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The City of Minneapolis is updating the zoning code to reach Minneapolis 2040 goals.

Go to the Built Form Rezoning Study page to review draft built form regulations.

BUILT FORM REZONING STUDY QUESTIONS AND ANSWERS

Built Form Rezoning Study Questions and Answers

City staff held three virtual public meetings in September and October 2020 on the Built Form Rezoning Study. Following are questions asked by members of the public at those meetings, with answers provided by staff. Questions and answers are organized by topic.

Lot Size

It looks like you're retaining low density districts that have minimum lot sizes of both 5,000 and 6,000 square feet. Can we standardize the minimum lot size? The 6,000 square foot minimum seems like a relic of an era when the city wanted to discourage new housing, which is counter to the goals of the 2040 plan.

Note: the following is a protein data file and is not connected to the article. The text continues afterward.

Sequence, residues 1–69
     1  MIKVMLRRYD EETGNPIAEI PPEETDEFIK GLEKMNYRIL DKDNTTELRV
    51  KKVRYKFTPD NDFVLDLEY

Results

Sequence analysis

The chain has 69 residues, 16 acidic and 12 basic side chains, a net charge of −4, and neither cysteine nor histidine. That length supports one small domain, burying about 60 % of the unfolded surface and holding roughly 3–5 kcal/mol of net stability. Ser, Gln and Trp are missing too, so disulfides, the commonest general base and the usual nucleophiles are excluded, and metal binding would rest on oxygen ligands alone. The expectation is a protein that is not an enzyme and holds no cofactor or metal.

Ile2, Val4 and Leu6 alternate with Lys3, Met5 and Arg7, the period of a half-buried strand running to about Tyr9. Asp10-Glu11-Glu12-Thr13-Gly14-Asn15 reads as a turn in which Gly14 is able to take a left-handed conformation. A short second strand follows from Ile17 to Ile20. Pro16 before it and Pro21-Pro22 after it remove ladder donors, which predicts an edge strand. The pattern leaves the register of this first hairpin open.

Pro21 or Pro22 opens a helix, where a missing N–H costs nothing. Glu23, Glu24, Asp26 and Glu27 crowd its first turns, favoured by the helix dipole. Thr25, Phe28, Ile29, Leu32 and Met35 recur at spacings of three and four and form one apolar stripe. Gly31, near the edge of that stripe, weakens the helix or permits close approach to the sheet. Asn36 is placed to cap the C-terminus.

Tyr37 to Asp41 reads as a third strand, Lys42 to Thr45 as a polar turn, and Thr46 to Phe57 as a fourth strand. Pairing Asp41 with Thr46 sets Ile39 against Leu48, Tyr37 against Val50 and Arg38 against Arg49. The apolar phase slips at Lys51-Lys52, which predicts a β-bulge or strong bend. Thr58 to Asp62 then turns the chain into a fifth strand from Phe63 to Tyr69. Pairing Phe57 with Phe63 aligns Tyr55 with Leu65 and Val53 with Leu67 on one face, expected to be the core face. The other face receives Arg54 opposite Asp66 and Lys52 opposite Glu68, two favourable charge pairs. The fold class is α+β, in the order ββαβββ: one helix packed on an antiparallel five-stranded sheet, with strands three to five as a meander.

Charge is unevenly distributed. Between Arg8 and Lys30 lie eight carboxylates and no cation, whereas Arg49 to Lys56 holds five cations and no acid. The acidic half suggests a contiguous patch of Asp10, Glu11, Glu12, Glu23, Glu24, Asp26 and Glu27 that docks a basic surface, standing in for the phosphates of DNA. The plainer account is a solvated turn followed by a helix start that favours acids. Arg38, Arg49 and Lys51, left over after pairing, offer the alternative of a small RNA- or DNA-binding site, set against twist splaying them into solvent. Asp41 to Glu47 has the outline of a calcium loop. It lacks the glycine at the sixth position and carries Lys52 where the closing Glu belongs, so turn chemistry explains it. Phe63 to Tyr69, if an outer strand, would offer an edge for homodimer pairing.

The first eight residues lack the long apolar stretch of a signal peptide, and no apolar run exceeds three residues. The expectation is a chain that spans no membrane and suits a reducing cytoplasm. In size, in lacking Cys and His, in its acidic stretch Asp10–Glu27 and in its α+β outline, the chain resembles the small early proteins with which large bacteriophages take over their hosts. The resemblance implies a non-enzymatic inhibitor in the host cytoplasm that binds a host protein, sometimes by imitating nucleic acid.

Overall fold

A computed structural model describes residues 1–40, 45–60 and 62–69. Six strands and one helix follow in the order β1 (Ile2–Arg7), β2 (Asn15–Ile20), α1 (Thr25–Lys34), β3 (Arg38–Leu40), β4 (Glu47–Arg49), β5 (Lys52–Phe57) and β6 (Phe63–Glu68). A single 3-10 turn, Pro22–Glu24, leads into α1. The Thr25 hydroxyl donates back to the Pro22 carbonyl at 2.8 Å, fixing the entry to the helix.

Standardizing minimum lot sizes among districts such as R1 and R1A, for example, would be a potential option.  The staff recommendation is attempting to recognize and respect typical patterns in these areas at the same time we allow more housing options to be built on those lots. Most R1-zoned areas are zoned R1, in part, because lot sizes in those areas typically exceed 6,000 square feet in area. 

Why use past history of sizes when the 2040 plan looks to expand more housing?  Isn't that a self fulfilling prophecy?

To be clear, collecting data about previously approved developments does not mean that regulations will allow the same size of buildings in the same locations where they have always been allowed. Corridor 4, for example, is mapped in many areas where four-story buildings have not historically been allowed. To inform regulations for Corridor 4, it is useful to know what the floor area ratio has typically been for four-story buildings in those districts where they have been allowed.  

Why make a minimum size lot in interior 2 9,000 sq ft when there are a lot of sites that are currently R3-R6 which allows lower lot sizes?